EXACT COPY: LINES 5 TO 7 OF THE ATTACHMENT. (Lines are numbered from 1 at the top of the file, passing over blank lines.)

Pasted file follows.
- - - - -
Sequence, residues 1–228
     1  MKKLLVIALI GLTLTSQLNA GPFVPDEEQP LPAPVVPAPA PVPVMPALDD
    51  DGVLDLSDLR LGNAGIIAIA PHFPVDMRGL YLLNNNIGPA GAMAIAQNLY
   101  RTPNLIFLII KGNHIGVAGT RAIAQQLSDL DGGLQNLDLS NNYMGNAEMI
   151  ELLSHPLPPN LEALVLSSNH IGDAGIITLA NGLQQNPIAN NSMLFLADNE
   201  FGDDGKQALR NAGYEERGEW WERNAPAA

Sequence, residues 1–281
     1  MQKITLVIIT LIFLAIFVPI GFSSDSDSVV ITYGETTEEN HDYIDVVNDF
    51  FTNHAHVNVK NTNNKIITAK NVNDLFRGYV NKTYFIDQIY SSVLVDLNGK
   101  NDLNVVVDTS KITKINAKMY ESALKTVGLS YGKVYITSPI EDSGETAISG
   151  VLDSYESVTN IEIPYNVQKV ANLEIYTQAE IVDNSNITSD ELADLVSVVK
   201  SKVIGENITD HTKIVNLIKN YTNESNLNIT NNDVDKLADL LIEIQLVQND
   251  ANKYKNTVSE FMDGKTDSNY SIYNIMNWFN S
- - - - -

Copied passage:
   151  ELLSHPLPPN LEALVLSSNH IGDAGIITLA NGLQQNPIAN NSMLFLADNE
   201  FGDDGKQALR NAGYEERGEW WERNAPAA

Sequence, residues 1–281